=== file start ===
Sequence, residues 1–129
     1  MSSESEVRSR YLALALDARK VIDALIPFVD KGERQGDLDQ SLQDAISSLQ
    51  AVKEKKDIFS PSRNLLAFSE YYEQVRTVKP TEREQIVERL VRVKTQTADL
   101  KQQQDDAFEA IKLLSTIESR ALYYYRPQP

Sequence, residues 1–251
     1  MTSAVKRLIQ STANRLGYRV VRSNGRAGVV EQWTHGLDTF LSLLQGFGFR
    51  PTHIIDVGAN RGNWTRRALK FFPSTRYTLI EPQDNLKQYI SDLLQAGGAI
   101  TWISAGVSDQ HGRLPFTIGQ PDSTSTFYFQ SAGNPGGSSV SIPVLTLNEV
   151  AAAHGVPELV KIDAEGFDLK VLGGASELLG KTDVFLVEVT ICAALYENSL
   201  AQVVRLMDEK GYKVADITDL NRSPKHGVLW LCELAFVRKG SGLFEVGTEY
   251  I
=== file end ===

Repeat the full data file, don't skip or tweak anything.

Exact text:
Sequence, residues 1–129
     1  MSSESEVRSR YLALALDARK VIDALIPFVD KGERQGDLDQ SLQDAISSLQ
    51  AVKEKKDIFS PSRNLLAFSE YYEQVRTVKP TEREQIVERL VRVKTQTADL
   101  KQQQDDAFEA IKLLSTIESR ALYYYRPQP

Sequence, residues 1–251
     1  MTSAVKRLIQ STANRLGYRV VRSNGRAGVV EQWTHGLDTF LSLLQGFGFR
    51  PTHIIDVGAN RGNWTRRALK FFPSTRYTLI EPQDNLKQYI SDLLQAGGAI
   101  TWISAGVSDQ HGRLPFTIGQ PDSTSTFYFQ SAGNPGGSSV SIPVLTLNEV
   151  AAAHGVPELV KIDAEGFDLK VLGGASELLG KTDVFLVEVT ICAALYENSL
   201  AQVVRLMDEK GYKVADITDL NRSPKHGVLW LCELAFVRKG SGLFEVGTEY
   251  I